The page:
Tuesday, November 25, 2014

Paul Drabkin featured 12/1

12/1/14 Paul Drabkin hosted by Jan

He was born in New York City to Yiddish-speaking immigrant parents who came to the U.S. more than 100 years ago from different parts of the old Russian empire. He has lived in the Bay Area for over 50 years, Paul was a ³red diaper² baby of the Stalinist variety, which, oddly blended with a kind of Victorian puritanism, proved to be a major toxin poisoning his childhood, and which took several decades to partially overcome. This largely accounts for his present discomfort with lefter-than-thou Berkeley politics and with ideology in general. Despite his two History degrees and three California teaching credentials, and varied teaching experience, Paul¹s longest gig was his over twenty years as a self-employed furniture refinisher. (Among other abortive careers, for several years he had worked as a taxi driver on the graveyard shift in Hollywood, and later in the East Bay.)  He presently supplements his meager retirement income teaching English to adult immigrants in West Contra Costa County. Paul wrote his first poem in 1967, while coming down from an acid high. (Fortunately it has been lost to posterity.)  He wrote little more until 2007, when he entered a local slam contest, winning fourth place with a decidedly  un-slammy poem. Since then he has been serious about writing, although much of his output has been frivolous in the extreme. For months Paul shared his gifts with an alter-ego, Nikos Rhapsodòs, born of a rather labored series of puns on his last name. Nikos, like Paul, has the chutzpah to identify with Odysseus, and is perhaps even more enamored of the mystery and beauty of human language. Paul¹s favorite muse is the goddess Sarasvati, who used to be a river.

One Cool Dude, or Burnt Out on Intensive Caring

These spectacles are not for me;
my peers are grownups who refuse
to see the world in shades of rose
or other less auspicious hues:
we do not drown ourselves in blues!
Long years have passed since you might hear
me rooting for this team or that
or exercised by coups d¹état
while frantic news of global heat
now leaves me cool as Arctic frost.
I choose to waste my energies
on stuff that bores most people stiff:
such vast reserves of obscure verse,
such speculations on the sighs
of God, are quite enough for me.

--Paul Drabkin    March  2013

Tuesday, November 18, 2014

Mystery is our Theme for 11/24/14

11/24/14 Theme Night, topic MYSTERY hosted by Nance

Bring your Mysterious poems loosely based on the theme.

Wednesday, November 12, 2014

Sharon Elliot featured at Poetry Express 11/17

11/17/14 Sharon Elliot hosted by Odilia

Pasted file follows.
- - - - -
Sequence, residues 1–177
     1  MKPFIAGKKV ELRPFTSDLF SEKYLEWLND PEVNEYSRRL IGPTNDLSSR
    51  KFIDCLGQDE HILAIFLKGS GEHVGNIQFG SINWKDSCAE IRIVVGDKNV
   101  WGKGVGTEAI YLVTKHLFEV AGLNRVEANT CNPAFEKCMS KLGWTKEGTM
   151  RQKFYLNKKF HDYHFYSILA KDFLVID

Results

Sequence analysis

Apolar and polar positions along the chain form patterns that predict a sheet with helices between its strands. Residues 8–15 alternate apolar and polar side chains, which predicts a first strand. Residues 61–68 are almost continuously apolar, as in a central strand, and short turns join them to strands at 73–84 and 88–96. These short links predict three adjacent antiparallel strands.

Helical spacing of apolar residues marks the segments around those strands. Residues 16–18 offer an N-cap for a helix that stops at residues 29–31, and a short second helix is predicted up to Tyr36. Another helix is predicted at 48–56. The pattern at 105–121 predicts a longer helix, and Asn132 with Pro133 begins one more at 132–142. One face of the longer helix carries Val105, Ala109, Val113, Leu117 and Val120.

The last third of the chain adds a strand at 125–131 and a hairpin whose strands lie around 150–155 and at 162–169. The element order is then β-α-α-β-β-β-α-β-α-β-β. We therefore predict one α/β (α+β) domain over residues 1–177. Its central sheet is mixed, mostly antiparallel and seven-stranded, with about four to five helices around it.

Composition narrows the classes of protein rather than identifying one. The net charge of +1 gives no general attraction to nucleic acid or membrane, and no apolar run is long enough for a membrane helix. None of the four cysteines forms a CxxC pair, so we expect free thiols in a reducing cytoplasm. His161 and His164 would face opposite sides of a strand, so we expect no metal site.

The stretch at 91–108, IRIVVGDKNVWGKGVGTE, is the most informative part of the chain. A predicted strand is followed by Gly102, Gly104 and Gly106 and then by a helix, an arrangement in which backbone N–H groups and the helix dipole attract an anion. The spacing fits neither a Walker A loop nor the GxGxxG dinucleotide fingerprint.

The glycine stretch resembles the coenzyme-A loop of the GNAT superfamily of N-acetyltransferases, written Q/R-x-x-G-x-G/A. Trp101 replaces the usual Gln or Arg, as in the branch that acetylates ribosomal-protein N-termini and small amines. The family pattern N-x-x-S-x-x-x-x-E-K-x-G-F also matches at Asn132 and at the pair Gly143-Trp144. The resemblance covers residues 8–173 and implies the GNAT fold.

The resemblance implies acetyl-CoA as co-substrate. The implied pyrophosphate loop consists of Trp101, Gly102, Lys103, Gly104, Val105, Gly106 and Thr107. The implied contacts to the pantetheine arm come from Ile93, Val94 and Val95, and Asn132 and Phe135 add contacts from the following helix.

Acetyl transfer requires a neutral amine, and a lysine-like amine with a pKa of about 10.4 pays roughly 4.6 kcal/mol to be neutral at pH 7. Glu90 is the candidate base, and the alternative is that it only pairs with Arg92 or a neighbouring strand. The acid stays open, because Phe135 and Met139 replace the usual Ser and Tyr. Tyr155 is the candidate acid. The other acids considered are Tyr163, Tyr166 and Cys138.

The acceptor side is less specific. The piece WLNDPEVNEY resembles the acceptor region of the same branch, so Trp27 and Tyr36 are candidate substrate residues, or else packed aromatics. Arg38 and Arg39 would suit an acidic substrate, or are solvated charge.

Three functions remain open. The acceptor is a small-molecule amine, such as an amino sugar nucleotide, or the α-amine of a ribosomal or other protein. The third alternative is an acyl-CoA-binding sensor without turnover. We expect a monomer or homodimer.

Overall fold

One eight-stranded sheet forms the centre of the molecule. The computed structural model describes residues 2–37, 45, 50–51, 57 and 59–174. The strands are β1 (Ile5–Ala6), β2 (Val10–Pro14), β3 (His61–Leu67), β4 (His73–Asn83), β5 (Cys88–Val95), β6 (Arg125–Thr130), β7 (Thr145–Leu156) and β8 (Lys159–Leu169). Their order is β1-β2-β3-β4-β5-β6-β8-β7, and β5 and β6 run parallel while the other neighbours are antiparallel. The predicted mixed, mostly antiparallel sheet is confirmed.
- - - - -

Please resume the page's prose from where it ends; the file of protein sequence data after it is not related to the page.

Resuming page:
Sharon Elliott was born and raised in Seattle and lives in Oakland. Four years in 
the Peace Corps in Nicaragua and Ecuador laid the foundation for her activism 
in multicultural women’s issues. Her book, Jaguar Unfinished was published in 
2012. She was an awardee of the Best Poem of 2012, The Day of Little Comfort, 
by La Bloga On-Line Floricanto; and has been featured in poetry readings in 
the Bay Area. She is an initiated Lukumi priest of Scot/Sámi/African Carribbean 
ancestry; ally to people of color and to the earth.

Tuesday, November 4, 2014

11/10/14 Roy Mash featured

Roy Mash is a long time board member of Marin Poetry Center in San Rafael. In a previous life he collected degrees in English, Philosophy, and Computer Science, but currently doodles his brief time away staring out of café windows, dabbing up the seeds that have fallen from an everything bagel, and mentally thumbing over his poems that have appeared widely in journals such as Agni, Atlanta Review, Barrow Street, The Evansville Review, Nimrod, Passages North, Poetry East, Rhino, and River Styx. Roy’s new book,  , Buyer's Remorse, is now available at Barnes & Nobile, Amazon, or for direct purchase from the author at www.roymash.com, or atRebound Bookstore, 1611 4th St, San Rafael, CA. (415) 482-0550 
All author proceeds will be donated to Doctors Without Borders.

From Cherry Grove Collections 
Roy Mash writes a deliciously engaging and clever sort of object poem....It would not be surprising if memorable gems like “Love of Slapstick,” “The Untouchables,” and “Buyer’s Remorse” eventually find their way into contemporary anthologies and become part of our poetic canon.   
— Steve Kowit
Roy Mash’s insightful, touching, and wholly delightful Buyer’s Remorse is a celebration of the non-epic and unheroic, the bad decision, the finish out-of-the-money ... the inglorious lives we seem to have wound up with by mistake—not at all what we’d have chosen, but ... all in all, pretty damned fine.  
— Charles Harper Webb
In Buyer’s Remorse, Roy Mash shows us a poet who has perfect pitch—never a wrong note or missed step. The poems, full of wry humor and tongue-in-cheek self-deprecating commentary, force us to look at ourselves with the poet’s jaundiced and almost forgiving eye. This is a book not to be missed.  
— Maria Mazziotti Gillan
Buyer's Remorse is a celebration of the small, the overlooked, the underrated. Doggedly anti-lofty, reveling in the This-Worldly, the poems caper around the themes of the body, of mathematics and rationality, adolescence and middle-age, love and fear and death. The tone ranges from the irreverent to the wistful – the spritz of seltzer in the face of the Creature from the Black Lagoon to the lover standing in one sock. Drawing on sources from The Three Stooges to Archimedes, Lavoisier to Tweety Bird, Mash is a latter day Anti-Oracle, a nail in the tire of post-modernity, an incorrigible wag who’s smuggled his pea shooter into the Church of Poetry. 
Be ready to duck.